Another resource can be found at http://www.suicidepreventionlifeline.org/gethelp/online.aspx where you’ll find links to methods for other social media such as Twitter, YouTube, etc.
Information and course dates will be posted soon. The two-hour program is designed to raise awareness about suicide risk factors and warning signs and to provide information on what steps to take if suicide is suspected. While focused on students and youth, the information and skills learned are appropriate for use with anyone who might be feeling suicidal, no matter what their age.
Substitute teacher class “alumni,” school employees and volunteers take note!
Maine is ranked fourteenth in the United States for deaths by suicide. Suicide in Maine occurs 7-9 times more often than homicide. The State averages 196 deaths by suicide each year; in 2009 alone, 2,800 high school students and 4,000 adults attempted suicide while 6,700 high school students and 27,000 adults considered suicide.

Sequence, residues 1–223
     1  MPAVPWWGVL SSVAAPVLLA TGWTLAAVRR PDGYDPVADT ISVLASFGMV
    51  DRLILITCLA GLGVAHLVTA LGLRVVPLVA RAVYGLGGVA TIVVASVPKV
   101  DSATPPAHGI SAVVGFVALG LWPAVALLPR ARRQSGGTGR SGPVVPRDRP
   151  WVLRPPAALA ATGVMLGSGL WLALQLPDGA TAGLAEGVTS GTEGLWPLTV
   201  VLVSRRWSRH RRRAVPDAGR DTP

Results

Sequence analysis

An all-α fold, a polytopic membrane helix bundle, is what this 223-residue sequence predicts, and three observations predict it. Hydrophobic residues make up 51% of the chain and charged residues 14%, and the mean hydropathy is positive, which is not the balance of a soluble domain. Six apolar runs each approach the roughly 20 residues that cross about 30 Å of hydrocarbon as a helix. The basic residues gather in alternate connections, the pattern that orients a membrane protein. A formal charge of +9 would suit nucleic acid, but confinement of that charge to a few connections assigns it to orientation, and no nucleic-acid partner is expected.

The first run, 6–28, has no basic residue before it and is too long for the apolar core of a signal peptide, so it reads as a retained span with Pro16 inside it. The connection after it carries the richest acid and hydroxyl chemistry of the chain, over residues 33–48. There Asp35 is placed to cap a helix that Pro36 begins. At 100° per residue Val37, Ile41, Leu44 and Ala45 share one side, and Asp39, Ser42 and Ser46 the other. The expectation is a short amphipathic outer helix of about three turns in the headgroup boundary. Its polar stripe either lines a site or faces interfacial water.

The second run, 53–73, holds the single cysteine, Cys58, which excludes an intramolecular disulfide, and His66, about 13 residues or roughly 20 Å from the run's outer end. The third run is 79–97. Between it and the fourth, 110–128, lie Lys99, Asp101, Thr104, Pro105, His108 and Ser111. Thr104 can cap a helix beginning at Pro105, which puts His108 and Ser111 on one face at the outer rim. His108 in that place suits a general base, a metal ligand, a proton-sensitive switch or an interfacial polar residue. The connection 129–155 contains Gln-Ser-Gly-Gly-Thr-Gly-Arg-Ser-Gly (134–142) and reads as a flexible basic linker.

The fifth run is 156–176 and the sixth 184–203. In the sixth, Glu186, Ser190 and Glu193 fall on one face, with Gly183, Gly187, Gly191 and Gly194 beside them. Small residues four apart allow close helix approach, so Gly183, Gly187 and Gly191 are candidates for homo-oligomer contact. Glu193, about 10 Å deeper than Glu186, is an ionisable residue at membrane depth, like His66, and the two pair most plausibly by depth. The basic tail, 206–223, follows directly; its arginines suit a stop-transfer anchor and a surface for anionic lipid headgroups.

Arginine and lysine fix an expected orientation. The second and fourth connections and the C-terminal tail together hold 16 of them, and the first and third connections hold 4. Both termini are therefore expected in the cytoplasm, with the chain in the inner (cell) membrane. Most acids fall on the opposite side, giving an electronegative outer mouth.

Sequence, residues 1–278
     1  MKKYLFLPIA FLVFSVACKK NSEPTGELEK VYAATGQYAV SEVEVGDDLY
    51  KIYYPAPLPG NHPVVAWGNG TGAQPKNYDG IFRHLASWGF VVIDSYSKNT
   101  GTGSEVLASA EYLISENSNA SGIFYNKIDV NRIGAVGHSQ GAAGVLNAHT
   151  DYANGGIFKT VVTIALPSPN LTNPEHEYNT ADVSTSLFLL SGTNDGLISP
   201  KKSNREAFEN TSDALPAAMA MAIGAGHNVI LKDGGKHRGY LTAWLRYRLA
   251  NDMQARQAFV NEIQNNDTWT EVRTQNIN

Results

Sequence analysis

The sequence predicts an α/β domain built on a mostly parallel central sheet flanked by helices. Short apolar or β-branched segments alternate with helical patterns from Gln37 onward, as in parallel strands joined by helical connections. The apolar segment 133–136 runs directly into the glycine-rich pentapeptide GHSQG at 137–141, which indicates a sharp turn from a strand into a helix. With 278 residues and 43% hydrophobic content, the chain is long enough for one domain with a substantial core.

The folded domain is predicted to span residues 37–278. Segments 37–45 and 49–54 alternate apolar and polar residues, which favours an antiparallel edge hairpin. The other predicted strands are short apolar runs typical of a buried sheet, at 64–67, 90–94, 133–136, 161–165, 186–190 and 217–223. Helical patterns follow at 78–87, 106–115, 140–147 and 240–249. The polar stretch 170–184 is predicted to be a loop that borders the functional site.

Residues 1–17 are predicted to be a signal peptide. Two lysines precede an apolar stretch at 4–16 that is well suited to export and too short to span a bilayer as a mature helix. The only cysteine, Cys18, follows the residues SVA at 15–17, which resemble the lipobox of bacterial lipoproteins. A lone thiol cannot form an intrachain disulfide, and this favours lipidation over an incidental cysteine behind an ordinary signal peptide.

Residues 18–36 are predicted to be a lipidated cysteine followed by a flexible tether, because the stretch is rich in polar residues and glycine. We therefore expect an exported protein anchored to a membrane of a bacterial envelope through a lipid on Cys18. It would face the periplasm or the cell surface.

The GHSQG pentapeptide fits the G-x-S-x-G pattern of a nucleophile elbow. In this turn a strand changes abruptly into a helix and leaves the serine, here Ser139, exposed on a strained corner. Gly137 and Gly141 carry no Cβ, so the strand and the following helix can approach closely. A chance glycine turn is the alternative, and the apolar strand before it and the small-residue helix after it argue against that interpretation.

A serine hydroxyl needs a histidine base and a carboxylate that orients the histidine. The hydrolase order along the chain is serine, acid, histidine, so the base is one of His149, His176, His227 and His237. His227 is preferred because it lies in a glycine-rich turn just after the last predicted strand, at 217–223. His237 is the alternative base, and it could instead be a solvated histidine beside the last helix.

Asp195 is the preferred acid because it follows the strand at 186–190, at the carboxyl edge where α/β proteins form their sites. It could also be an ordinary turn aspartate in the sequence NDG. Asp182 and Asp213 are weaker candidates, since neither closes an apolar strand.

In part for those reasons, the Maine Legislature passed LD 609 several years ago. The bill, simply stated, requires every employee of all school systems to receive one to two hours of Suicide Awareness Training. “Every employee” means anyone who receives a paycheck and includes substitute teachers, bus drivers, custodians—in fact, it is strongly recommended school volunteers receive the training as well. The training must follow research-based national guidelines.